On-demand car service Uber is catching on in cities across America.
In fact, according to Uber CEO Travis Kalanick, the company is currently valued at $18 billion and quadrupling every year. So naturally, Uber is always on the lookout for new growth opportunities. Now the on-demand ride app has its sights set on running the everyday, mundane errands we all dread.
In Washington, D.C., Uber has launched a service called Uber Corner Store that offers delivery of pharmaceuticals and other pharmacy items. You can order from a list of items on the app, a driver calls you and takes your order and, once you get delivery, the stuff is charged to your Uber account. Sweet, right?
But aren’t lots of emergency items we need from the pharmacy… ahem… personal? I’m trying to imagine the conversation in hushed tones from the cubicle next door: “Um, yes, I need a big box of Tampax. Excuse me? Yes, super absorbent. And Midol. The big bottle. And a package of Hanes Her Way underwear, size 7. And some Skittles. Thanks.”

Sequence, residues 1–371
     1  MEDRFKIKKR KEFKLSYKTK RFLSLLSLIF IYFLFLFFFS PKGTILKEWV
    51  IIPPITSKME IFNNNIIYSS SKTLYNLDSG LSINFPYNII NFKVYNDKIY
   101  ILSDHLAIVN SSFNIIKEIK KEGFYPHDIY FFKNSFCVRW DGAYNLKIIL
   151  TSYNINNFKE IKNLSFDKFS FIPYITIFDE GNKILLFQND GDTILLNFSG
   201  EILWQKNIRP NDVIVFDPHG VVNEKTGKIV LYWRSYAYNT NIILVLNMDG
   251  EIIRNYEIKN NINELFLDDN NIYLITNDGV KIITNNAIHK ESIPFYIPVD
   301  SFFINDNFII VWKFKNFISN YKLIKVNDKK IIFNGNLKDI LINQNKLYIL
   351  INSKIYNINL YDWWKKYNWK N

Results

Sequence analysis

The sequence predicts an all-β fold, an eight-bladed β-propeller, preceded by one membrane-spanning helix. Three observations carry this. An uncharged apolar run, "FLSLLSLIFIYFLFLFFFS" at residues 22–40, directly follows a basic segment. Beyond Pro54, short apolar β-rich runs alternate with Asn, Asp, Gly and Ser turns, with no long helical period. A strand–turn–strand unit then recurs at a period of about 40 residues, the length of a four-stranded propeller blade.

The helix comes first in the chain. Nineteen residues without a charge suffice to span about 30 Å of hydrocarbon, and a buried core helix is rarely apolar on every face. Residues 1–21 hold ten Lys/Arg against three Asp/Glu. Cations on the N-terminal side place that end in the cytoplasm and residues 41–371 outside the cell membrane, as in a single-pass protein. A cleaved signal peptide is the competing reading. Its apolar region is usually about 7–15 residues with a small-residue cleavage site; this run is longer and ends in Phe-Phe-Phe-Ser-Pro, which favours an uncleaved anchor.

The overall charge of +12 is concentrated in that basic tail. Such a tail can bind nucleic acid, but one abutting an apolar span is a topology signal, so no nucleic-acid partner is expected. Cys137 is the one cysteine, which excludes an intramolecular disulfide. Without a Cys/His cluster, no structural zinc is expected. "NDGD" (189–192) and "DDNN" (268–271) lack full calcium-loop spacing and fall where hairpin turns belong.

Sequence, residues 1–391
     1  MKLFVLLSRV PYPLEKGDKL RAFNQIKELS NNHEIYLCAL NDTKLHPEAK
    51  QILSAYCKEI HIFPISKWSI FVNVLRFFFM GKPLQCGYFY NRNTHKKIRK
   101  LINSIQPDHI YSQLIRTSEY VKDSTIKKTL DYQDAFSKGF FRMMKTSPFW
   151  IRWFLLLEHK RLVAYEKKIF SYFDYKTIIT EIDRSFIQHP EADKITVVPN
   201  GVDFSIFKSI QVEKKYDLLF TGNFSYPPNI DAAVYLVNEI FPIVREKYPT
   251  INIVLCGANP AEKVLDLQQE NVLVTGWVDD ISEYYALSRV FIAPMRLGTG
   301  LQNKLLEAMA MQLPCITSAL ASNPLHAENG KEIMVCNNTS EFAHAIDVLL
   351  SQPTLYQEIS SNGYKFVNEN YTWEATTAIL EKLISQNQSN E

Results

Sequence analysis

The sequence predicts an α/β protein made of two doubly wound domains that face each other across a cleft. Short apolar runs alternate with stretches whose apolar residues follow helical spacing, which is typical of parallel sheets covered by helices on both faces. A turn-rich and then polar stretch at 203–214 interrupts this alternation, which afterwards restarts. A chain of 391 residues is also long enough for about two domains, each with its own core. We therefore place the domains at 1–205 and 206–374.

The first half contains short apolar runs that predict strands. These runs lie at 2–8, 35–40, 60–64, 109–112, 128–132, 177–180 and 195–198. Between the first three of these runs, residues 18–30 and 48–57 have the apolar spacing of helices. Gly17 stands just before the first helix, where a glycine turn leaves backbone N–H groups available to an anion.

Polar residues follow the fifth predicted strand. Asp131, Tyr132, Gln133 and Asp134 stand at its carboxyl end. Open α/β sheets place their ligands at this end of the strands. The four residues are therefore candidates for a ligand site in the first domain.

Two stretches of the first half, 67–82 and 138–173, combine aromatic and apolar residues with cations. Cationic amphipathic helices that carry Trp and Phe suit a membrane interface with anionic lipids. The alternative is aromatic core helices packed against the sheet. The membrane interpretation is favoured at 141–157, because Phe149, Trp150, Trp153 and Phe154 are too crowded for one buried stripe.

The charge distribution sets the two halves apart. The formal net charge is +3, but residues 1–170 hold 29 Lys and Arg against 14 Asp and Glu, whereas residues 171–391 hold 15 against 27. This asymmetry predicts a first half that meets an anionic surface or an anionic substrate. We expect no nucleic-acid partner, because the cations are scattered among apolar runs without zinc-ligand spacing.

A lifesaving assist to be sure, but can you imagine all the crazy stuff these Uber drivers are going to hear on the job?
In Manhattan, where everything cool goes down, Uber launched a courier service. In fact, Uber is so serious about expanding beyond its basic driving service that it has experimented with delivering everything from ice cream to Christmas trees. They call them UberTrees, which is pretty catchy.
In Los Angeles, Uber is testing a new lunch delivery service called UberFRESH. It’s only available in Santa Monica and offers a prix fixe menu for $12 per lunch.
Kalanick also told CNN that Uber wants to expand into emerging markets, using rickshaws instead of the ubiquitous black sedans. The service is already available in 200 cities from Jakarta, Indonesia, to Lima, Peru.
But, as has been widely reported, while these new cool services might make smart, simple business sense, Uber continues to run into regulatory problems, slowing the company’s expansion. To tackle the governmental obstacles head-on, Uber has hired just about the highest-powered government insider around, David Plouffe, President Obama’s former campaign manager.
“There’s a lot of regulations that go way back that didn’t contemplate what the future was going to look like,” Kalanick told CNN. “Those laws didn’t imagine a smartphone era where you’d be able to get out an app and get a car in two minutes.”
If you’re not familiar with Uber, then watch this video of a firsthand experience with the car service from a lady who is def obsessed with the convenience.